NASCAR meets with Keselowski after USA TODAY cover story

DAYTONA BEACH, Fla. — NASCAR executives met Friday with Brad Keselowski after the defending Sprint Cup Series champion outlined the c...

DAYTONA BEACH, Fla. — NASCAR executives met Friday with Brad Keselowski after the defending Sprint Cup Series champion outlined the challenges facing the sport in a Sports cover story in Friday's USA TODAY.
NASCAR Chief Communications Officer Brett Jewkes said Keselowski wasn't penalized. Jewkes said the meeting wasn't directly a result of the USA TODAY story, but it was discussed. NASCAR generally had been seeking more dialogue with its champion, according to Jewkes, and Friday provided the opportunity.
(Photo: Douglas Jones, USA TODAY Sports)
KESELOWSKI: Shares vision for NASCAR's future
"Brad has opinions, some informed and some less informed," Jewkes said. "The meeting was to improve the latter."
The Penske Racing driver met with NASCAR chairman Brian France and International Speedway Corp. CEO Lesa France Kennedy.
Keselowski tweeted afterward, "Spent some time with the Lesa and Brian from the NASCAR team after yesterday's article, the passion we all share for our sport is amazing!"
OPPORTUNITY: Want your face on Brad Keselowski's car?
Keselowski told USA TODAY Sports that he believes there are multiple entities that have to work together for NASCAR to be successful.
"We have sponsors — partners, or whatever the hell you want to call them — tracks, the sanctioning body and the teams. Those are our four groups, and how well they cooperate dictates what we have as a product for our fans. And our fans create everything," Keselowski said.
Keselowski also noted how television has changed the landscape of all sports and how that's affected attendance — especially in NASCAR. Keselowski speculated on why NASCAR hadn't adapted to that, mentioning Brian France and Lesa France Kennedy, specifically:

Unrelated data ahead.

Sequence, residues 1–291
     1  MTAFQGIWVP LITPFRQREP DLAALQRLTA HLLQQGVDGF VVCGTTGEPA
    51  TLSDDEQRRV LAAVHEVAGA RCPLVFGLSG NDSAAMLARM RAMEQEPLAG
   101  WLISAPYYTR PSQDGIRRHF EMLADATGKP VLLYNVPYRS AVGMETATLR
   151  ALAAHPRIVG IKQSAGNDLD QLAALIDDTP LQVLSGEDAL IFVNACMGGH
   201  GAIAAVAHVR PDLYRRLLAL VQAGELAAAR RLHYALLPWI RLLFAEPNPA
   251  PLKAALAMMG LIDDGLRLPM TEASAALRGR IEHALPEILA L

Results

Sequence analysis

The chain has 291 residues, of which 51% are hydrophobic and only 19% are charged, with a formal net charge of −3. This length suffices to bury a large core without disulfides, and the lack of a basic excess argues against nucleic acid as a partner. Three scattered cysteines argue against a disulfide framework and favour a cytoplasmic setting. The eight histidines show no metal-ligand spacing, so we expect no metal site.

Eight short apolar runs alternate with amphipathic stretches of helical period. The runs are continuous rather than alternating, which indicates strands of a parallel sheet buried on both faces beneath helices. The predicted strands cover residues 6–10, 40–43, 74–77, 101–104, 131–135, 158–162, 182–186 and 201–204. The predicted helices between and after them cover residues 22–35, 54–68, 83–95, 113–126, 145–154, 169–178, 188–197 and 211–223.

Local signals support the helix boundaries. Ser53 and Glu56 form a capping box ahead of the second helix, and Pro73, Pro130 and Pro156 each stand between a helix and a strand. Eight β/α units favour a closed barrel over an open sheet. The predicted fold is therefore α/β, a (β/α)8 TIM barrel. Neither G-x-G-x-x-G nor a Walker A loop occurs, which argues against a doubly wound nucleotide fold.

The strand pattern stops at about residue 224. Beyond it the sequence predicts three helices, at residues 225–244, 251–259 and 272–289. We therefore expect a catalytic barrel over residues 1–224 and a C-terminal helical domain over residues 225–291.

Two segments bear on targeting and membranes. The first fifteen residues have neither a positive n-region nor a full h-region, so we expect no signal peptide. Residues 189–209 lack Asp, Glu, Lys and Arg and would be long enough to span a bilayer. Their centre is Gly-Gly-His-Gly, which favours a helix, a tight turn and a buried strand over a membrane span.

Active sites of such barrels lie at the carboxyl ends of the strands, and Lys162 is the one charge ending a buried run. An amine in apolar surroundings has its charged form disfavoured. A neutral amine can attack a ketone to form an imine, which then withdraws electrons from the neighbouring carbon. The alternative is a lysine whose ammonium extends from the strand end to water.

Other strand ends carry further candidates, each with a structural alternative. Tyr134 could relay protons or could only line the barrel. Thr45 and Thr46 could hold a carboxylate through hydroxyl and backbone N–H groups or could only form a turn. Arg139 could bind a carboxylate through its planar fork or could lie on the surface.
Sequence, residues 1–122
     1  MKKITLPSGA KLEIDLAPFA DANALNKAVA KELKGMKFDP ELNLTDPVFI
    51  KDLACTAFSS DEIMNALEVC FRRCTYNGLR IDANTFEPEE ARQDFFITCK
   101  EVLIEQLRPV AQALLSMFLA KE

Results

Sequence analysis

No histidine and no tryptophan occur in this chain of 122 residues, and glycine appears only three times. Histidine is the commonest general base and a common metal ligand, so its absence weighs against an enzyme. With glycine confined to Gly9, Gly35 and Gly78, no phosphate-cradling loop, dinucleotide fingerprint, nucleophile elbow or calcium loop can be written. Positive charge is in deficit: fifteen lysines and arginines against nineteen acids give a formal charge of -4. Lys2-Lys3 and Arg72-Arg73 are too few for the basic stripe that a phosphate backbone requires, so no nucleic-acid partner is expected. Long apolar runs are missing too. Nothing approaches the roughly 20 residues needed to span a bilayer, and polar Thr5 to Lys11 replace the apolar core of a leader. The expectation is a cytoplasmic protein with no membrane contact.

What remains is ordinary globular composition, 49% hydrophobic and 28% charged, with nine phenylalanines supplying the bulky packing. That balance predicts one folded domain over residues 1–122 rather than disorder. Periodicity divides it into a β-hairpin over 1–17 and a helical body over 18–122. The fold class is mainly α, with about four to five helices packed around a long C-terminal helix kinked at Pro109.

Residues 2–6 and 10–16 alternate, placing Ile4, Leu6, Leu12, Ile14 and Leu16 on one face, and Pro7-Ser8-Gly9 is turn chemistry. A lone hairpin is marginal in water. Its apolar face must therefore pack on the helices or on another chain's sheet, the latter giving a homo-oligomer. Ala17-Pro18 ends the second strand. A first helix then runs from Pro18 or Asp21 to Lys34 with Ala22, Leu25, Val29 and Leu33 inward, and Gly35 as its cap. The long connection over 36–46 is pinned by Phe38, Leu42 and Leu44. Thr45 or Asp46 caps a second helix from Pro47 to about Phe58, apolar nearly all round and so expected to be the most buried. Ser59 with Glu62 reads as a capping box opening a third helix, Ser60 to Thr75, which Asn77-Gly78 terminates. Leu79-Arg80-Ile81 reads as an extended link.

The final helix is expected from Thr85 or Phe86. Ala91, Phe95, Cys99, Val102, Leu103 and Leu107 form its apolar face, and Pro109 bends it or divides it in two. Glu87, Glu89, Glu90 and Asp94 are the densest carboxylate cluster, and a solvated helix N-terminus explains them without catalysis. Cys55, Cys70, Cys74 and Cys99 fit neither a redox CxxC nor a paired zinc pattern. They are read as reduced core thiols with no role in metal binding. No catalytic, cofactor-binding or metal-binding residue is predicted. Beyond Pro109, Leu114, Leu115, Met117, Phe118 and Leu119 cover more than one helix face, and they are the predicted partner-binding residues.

When Bill France Jr. was in charge of NASCAR, he had control of all these pieces and wasn't at the mercy of the TV world. He had control of the tracks and NASCAR, which is now divided in two with Lesa (France Kennedy, president of International Speedway Corp. that controls 12 tracks) and (NASCAR Chairman) Brian (France). France Jr. had relationships with the sponsors, drivers and teams. Now we don't have that. Those three other pieces are segregated. Those three pieces need to get together. And until all three of those can unite, we're a house divided, and we're making bad decisions that are affecting how to generate revenue for the sport.
In today's sports world, you have to be very powerful in drawing people to TV, and we're not TV-friendly. That's one of the key areas for success. Part of that is we're not delivering a product. And we're fighting the tracks. We have to be up on the wheel a little more and looking for what's in front of us, and when we see it, we have to be able to react on it. And in order to be able to react on it, we need to be united.
It's not the first time the outspoken Keselowski's comments have drawn the focus of NASCAR. He was fined $50,000 for criticizing fuel injection in November 2011, the last in a policy of "secret fines" that NASCAR eliminated last year.
Keselowski became the first Sprint Cup driver to send a tweet during a race when last year's Daytona 500 was delayed by an inferno. He tweeted again in a November race at Phoenix International Raceway but was fined $25,000 and placed on probation.

Brad Keselowski won his first career Sprint Cup championship, Nov. 18, 2012 at Homestead-Miami Speedway. Keselowski won two of the 10 Chase races and five races overall in 2012.  Mark J. Rebilas, US Pesswire
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